Well, the time is nearly upon us. It’s nearly the 50th year anniversary of Star Trek and to commemorate this momentous occasion I asked members of TrekDating.com to provide me with the top 6 Star Trek films ever created. The results are listed below:
Star Trek II: The Wrath of Khan
The undisputed champion 30 years running, The Wrath of Khan remains the seminal Star Trek film of all time. Kirk is at the height of his powers. He has a villain who is his equal. At stake is the most dangerous technology in Federation history, with moral implications worthy of a classic McCoy-Spock debate. Moreover, the film gives depth where even the TV series often didn't. Kirk's infinite affairs with his galactic girlfriends at one point produced a son - one with a complicated opinion of his father. Kirk's cowboy-style problem solving in years past catches up to him in the form of Khan. Finally, even while it was later reversed, the most compelling, pivotal, and emotional death in Trek history make The Wrath of Khan the best Star Trek film of all time.
Star Trek: 2009
A Hail Mary reboot of the franchise that still tried (if unsuccessfully) to be faithful to it’s heritage - and it worked. Kirk and Spock were cool again, the Enterprise was once again the star-ship everyone wanted to fly, and Star Trek was about doing things rather than saying things for the first time in a long time. While some fringe criticisms that this was an action film dressed in Roddenberry drag are not entirely unwarranted, J.J. Abrams's take on Trek breathed some much needed vitality - and public interest - into the franchise. And if nothing else, Karl Urban's version on Dr. McCoy is a treat that cannot be missed. Honestly the second best Star Trek movie (not story) ever released.
Star Trek: First Contact
Picard versus the Borg on the big screen, with bonus Starfleet origin stories. While it may represent the moment Star Trek jumped the shark, it also was the first, last, and only time the Next Generation crew shone brightly on the big screen. The villain was dangerous, the stakes were high, and every character had a moment of competence and character growth. Plus, the battles were cool, and we finally got some rock & roll into the Trek universe. If you'd never seen a NextGen episode before, you could still enjoy this movie on its merits. There is no higher franchise compliment.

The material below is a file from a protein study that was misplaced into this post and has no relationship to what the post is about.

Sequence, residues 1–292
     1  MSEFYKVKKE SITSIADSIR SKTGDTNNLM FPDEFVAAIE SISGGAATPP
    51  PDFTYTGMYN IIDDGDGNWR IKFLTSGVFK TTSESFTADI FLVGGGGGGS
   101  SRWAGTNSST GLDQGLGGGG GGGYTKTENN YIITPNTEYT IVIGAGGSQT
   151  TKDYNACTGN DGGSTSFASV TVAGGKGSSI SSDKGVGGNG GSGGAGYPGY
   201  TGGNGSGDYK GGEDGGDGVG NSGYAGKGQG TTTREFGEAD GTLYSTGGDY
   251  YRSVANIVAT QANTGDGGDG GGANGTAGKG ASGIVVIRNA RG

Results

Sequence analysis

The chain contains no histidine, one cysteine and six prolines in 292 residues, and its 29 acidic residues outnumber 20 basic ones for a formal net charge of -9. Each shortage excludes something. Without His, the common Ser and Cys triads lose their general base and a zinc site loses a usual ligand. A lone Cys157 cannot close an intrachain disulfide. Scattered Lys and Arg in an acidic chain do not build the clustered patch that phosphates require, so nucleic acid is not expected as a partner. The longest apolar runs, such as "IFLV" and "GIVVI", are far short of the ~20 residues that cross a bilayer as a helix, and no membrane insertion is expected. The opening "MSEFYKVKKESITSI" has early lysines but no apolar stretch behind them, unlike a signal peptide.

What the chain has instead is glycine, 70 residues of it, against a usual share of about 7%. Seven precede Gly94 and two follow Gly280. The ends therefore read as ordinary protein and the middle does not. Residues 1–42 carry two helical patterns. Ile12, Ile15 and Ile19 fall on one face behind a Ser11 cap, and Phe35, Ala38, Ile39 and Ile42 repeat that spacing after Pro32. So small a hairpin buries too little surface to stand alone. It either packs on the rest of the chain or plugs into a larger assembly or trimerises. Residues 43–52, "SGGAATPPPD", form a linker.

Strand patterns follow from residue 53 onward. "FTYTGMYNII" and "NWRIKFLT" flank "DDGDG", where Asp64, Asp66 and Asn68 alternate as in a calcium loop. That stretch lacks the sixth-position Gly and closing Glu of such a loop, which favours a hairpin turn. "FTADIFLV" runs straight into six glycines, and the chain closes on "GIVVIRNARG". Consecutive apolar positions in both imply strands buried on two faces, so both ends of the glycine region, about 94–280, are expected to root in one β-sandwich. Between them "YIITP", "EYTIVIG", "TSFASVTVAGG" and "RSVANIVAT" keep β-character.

Star Trek IV: The Voyage Home
Star Trek always had its comedic episodes but ‘the one with the whales’ is perhaps the favorite film of non-Trekkies that's enjoyed by hard-core Klingon-quotes, as well. The Voyage Home is the exact opposite of The Motion Picture, as the Enterprise is almost entirely absent, and the crew spends most of its time in 1986 San Francisco, rather than the eye-candy future. Strip Star Trek of all the trappings of Star Trek, and you're just left with the people, and that's a good thing. While Voyage Home played the show's premise for a few laughs and some enviro-preachiness, it's still well worth your time.
Star Trek VI: The Undiscovered Country
A murder mystery in space where all of the classic Trek characters are in character, have something to do, and ultimately save a galaxy on the brink of war? And the bad guy is a Shakespeare-quoting Klingon played by Christopher Plummer? Yeah, I can work with that. The dialogue is a bit cheesy, and the mystery a bit un-mysterious, but this one hits all its marks and treats the franchise with respect. It was a more than satisfactory way to send out the original Enterprise crew, although why we couldn't get at least a TV miniseries of Captain Sulu's time aboard the USS Excelsior I'll never know. All in all, a worthy apology for Star Trek V.
Star Trek III: The Search For Spock
Finally, Team Kirk gets to fight the Klingons on the big screen, and our antagonist is a ridged-forehead version Doc Brown from Back to the Future. The film's entire plot is about undoing everything that happened in Star Trek II, including un-killing Spock - who, despite being one of the two most popular Star Trek characters, is almost entirely absent from the film - then unmaking Planet Genesis and un-introducing Kirk's son. Even destroying the USS Enterprise can't disguise the fact that the entire film is one giant retraction. Having said that, it is still somehow one of the most memorable of the Star Trek films, so they have that going for them.